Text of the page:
Since its retail release in late January, Microsoft's Windows Vista has been the subject of much criticism over its speed, hardware requirements, value for price, compatibility, among other things. As a result, many users and especially businesses have been hesitant to upgrade to Microsoft's latest OS, prompting some PC makers to offer entire lines of PCs with XP pre-installed rather than Vista.

Back in June, Microsoft responded to the angry cries of their customers announcing they would be providing their "top partners" a simplified Vista downgrading process. Now, PC retailers such as Hewlett-Packard, Dell, Lenovo, and others are providing their customers with a Windows XP downgrade disc for computers that come with Vista Business and Vista Ultimate, if they so choose. What's more, CNet Asia is reporting that Microsoft support will allow anybody with a copy of Vista Ultimate or Business to call and request a downgrade disc themselves.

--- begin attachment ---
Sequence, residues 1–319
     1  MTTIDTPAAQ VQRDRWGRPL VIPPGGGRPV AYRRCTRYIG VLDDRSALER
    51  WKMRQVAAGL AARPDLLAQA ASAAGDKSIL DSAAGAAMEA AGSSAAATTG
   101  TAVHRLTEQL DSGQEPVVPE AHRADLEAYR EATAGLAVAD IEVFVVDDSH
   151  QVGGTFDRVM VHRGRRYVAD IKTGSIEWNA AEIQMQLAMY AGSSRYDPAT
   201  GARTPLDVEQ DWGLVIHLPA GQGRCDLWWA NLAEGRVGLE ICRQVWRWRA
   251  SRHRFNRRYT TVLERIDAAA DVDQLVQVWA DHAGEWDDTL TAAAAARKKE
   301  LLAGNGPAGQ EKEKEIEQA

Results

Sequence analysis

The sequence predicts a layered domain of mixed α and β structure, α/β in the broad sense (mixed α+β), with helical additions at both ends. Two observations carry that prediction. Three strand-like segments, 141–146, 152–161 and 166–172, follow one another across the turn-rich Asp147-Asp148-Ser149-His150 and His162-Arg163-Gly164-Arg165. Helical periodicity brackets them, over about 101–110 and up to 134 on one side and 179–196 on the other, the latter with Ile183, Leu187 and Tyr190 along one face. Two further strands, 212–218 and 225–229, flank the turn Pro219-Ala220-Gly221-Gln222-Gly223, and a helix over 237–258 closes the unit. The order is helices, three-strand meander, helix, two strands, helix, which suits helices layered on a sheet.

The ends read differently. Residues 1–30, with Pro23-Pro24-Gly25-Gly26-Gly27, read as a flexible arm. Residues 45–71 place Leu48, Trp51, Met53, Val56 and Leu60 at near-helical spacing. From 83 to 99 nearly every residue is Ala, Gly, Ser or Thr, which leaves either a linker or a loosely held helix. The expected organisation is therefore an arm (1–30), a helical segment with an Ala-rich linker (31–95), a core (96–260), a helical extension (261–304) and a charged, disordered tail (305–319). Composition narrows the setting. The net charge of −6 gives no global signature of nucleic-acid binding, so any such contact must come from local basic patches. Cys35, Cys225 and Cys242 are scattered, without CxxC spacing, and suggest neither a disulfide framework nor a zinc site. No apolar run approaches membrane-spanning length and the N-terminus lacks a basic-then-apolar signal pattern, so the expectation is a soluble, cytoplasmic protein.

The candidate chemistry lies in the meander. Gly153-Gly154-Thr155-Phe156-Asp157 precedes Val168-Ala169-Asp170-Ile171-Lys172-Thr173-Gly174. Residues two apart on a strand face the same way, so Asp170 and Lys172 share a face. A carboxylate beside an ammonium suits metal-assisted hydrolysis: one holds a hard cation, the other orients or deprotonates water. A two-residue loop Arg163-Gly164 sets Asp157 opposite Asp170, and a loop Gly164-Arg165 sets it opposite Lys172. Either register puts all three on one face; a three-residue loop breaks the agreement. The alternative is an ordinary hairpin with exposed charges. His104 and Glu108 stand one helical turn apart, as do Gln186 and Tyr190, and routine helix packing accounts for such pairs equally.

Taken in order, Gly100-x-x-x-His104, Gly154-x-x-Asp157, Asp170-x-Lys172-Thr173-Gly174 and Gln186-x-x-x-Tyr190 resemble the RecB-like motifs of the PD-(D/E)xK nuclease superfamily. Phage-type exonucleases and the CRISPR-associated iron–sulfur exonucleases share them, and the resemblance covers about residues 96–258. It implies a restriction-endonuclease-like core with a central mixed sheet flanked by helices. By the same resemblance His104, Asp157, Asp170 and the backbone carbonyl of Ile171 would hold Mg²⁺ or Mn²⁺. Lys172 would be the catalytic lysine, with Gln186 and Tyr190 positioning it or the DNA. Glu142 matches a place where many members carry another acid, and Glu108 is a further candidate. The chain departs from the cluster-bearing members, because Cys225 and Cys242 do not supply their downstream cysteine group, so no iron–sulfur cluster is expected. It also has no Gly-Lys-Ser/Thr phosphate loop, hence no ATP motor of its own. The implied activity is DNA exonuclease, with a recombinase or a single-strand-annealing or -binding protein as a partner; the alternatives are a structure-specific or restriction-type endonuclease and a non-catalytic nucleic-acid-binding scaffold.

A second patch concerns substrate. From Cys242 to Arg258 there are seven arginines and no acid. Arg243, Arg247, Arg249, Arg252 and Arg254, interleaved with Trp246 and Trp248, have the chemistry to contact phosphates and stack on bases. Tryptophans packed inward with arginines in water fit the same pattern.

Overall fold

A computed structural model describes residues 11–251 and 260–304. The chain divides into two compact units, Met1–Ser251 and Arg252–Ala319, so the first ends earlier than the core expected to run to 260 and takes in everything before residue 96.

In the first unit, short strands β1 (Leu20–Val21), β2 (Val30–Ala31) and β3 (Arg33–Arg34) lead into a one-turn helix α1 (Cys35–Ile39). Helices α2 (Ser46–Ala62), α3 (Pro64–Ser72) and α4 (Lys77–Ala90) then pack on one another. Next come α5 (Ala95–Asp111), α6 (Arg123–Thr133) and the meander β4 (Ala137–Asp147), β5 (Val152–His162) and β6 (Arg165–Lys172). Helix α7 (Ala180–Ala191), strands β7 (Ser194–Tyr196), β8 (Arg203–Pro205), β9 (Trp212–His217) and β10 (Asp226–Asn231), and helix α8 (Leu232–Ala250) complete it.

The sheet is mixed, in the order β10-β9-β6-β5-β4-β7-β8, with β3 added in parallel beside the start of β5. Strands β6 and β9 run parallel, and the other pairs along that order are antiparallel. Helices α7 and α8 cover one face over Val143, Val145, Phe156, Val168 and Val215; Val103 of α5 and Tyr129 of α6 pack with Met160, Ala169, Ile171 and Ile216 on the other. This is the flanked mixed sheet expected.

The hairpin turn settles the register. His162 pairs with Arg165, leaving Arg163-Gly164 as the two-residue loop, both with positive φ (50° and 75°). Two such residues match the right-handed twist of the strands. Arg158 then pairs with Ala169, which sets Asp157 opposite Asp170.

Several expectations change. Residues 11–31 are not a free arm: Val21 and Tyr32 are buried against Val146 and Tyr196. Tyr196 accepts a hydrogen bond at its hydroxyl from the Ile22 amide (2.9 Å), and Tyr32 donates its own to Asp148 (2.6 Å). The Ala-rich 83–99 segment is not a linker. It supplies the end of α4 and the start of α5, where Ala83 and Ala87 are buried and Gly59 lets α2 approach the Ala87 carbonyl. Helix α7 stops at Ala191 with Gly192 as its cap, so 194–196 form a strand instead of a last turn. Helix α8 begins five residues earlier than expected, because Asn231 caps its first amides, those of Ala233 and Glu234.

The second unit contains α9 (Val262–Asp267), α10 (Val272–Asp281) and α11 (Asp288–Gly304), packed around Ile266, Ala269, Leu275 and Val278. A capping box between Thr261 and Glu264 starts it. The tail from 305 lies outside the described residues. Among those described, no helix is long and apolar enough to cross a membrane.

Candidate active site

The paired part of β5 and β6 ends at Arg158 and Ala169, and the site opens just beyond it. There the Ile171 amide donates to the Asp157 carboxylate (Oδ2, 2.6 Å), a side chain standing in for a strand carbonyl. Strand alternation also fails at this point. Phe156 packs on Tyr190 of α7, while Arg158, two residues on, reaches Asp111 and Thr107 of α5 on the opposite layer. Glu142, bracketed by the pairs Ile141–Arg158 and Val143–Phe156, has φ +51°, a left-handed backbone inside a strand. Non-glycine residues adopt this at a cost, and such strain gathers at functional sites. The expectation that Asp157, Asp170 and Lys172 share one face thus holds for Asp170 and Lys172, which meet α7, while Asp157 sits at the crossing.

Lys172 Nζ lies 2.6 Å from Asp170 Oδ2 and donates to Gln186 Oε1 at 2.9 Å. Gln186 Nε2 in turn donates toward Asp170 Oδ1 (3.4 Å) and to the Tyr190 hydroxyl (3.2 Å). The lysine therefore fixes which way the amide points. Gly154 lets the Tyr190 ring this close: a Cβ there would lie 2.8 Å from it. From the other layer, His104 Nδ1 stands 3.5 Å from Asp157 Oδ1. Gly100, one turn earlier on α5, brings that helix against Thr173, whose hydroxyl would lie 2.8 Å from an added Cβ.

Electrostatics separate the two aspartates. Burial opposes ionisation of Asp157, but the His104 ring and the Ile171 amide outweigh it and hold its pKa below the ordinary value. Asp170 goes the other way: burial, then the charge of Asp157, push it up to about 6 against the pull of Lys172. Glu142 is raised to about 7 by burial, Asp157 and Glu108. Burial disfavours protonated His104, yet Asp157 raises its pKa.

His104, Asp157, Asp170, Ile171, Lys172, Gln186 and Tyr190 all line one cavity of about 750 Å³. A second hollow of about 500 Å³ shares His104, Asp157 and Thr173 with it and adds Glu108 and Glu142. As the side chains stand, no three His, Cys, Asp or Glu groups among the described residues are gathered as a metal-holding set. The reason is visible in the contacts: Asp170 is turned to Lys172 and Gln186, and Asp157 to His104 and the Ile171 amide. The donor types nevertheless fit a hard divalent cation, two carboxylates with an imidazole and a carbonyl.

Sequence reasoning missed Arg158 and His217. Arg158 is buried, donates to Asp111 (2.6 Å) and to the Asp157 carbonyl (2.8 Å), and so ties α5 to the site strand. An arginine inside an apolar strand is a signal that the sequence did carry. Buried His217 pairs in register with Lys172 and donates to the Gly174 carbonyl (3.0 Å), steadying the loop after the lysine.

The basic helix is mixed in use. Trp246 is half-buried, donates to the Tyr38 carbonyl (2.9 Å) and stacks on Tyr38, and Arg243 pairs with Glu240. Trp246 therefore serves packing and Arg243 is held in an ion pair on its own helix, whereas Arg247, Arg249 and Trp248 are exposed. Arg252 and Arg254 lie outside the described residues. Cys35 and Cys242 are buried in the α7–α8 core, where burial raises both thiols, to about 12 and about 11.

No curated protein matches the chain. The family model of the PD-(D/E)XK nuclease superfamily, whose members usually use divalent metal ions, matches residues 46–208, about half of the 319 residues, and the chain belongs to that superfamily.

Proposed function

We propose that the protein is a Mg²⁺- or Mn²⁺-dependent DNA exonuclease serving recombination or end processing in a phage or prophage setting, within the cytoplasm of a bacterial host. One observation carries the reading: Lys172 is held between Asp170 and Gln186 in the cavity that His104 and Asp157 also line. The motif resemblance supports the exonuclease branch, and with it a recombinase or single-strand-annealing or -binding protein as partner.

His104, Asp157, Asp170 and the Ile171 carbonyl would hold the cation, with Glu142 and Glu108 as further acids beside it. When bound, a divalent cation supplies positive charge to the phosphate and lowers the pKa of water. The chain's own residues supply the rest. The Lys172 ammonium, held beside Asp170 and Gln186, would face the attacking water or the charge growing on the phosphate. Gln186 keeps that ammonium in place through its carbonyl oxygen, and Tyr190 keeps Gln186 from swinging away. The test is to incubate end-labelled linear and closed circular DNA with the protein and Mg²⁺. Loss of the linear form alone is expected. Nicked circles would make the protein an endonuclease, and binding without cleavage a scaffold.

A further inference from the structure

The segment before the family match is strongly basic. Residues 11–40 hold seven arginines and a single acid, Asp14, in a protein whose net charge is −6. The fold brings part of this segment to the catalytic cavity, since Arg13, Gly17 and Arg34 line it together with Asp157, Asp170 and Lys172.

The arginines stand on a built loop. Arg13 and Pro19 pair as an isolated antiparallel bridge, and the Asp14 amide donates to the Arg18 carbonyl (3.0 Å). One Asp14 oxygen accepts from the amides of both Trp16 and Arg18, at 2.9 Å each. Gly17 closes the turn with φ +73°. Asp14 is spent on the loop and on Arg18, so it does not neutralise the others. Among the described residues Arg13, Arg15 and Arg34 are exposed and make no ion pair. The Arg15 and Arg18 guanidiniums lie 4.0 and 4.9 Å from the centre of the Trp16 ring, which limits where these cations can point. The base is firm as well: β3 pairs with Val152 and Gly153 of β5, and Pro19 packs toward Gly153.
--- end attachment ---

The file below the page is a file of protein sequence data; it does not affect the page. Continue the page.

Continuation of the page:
According to Microsoft's Windows life-cycle policy, direct OEM and retail license availability of Windows XP will cease on January 31, 2008. The company did not give any deadline for downgraded copies of the operating system, however, noting that licenses could be given after the end of the operating system's availability deadline.